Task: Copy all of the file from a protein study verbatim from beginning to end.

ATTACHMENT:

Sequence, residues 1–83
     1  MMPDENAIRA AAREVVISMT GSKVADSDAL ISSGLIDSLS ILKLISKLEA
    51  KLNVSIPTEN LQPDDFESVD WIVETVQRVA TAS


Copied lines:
Sequence, residues 1–83
     1  MMPDENAIRA AAREVVISMT GSKVADSDAL ISSGLIDSLS ILKLISKLEA
    51  KLNVSIPTEN LQPDDFESVD WIVETVQRVA TAS